The exercise described above is a concentration exercise: by concentrating on the dantian—the abdominal energy center or cinnabar field—you will eventually attain the state of total calm called rujing.

This focus is difficult to achieve at first. Beginners can usually concentrate only for a short time before their -thoughts begin to stray. This is to be expected. While you are 'preserving your dantian," as the Chinese would say, you should not attempt to force yourself to concentrate. Since the dantian can be thought of as an "object" that lies halfway between the real and the imaginary, any inordinate effort on your part can provoke psychic overexertion and impede the progress of the meditation. Those who are practicing this meditation for simple disease prevention, longevity, or sexual well-being should do it once or twice a day, at the same hour every day if possible Ideally, internal healing should be practiced for thirty ammutes to one hour in the morning and another thirty minutes in the evening before you go to bed. Beginners should start with periods of shorter duration (ten to fifteen minutes) so as not to cause psychic tension.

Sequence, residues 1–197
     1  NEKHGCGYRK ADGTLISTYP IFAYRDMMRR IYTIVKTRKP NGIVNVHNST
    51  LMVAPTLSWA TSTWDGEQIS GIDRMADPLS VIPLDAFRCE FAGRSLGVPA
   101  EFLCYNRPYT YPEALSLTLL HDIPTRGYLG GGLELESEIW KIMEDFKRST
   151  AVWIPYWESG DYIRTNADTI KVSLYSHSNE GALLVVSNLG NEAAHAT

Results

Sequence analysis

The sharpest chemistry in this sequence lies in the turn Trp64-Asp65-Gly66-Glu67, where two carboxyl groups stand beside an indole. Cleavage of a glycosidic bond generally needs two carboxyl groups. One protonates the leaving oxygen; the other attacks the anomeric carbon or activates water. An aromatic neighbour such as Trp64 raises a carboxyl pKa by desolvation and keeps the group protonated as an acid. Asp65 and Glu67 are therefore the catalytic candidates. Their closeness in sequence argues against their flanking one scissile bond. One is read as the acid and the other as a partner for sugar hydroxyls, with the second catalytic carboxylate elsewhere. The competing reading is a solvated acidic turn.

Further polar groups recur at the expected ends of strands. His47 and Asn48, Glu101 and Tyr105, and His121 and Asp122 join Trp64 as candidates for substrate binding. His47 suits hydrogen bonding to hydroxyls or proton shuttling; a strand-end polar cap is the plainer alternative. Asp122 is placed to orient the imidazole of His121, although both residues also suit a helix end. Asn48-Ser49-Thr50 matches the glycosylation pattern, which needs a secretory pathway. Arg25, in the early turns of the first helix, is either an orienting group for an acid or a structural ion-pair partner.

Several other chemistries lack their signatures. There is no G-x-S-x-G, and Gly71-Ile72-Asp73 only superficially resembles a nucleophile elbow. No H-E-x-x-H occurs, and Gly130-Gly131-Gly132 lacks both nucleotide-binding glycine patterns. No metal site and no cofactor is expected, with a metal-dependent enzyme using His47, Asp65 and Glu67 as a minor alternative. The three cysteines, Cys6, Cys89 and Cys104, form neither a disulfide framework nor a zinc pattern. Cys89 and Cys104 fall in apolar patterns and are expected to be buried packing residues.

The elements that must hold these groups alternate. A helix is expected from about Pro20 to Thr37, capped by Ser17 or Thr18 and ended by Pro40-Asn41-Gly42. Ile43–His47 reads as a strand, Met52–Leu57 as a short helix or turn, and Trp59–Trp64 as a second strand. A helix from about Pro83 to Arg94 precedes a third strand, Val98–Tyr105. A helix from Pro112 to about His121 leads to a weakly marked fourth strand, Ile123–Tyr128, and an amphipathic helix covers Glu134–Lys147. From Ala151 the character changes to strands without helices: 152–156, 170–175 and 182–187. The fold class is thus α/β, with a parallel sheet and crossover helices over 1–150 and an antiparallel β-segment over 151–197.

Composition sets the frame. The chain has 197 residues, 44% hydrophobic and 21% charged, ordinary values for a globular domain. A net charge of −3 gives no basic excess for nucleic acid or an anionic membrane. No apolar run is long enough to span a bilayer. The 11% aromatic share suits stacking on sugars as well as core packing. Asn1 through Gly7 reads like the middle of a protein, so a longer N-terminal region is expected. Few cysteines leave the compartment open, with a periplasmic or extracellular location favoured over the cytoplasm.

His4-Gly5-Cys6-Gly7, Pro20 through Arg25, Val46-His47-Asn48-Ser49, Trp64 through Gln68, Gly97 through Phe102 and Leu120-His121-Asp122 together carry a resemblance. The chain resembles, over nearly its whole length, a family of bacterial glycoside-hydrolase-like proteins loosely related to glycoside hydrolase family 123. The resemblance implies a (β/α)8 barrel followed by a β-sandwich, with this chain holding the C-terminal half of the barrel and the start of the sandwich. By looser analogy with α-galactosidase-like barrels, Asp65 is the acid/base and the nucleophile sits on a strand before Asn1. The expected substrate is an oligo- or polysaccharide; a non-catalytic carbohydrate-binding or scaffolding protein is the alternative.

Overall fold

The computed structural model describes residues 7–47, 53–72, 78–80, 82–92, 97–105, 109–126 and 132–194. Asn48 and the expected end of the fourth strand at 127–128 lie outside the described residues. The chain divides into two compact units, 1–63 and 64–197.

Those who wish to remedy a particular sexual problem should refer to the following table and choose their meditation program according to their specific needs:

































































































































Problem

Frequency

Duration

Respiration

Concentration

Impotence

Twice

10 to 30

Normal or

Abdomen



minutes

Special 2



Spermatorrhea

Two to

10 to 30

Normal or

Abdomen



three

minutes

Special 2





times







Genital

Two to

10 to 30

Normal or

Abdomen

infections

three

minutes

Special 2





times







Dysmenorrhea

Two to

10 to 30

Special 2

Abdomen



three

minutes







times







Prolapse of the

Two to

10 to 30

Normal

Abdomen

uterus

three

minutes







times







Frigidity

Two to

10 to 30

Normal

Abdomen



three

minutes







times









9. TAPPING THE ESSENCE OF THE SUN AND THE NECTAR OF THE MOON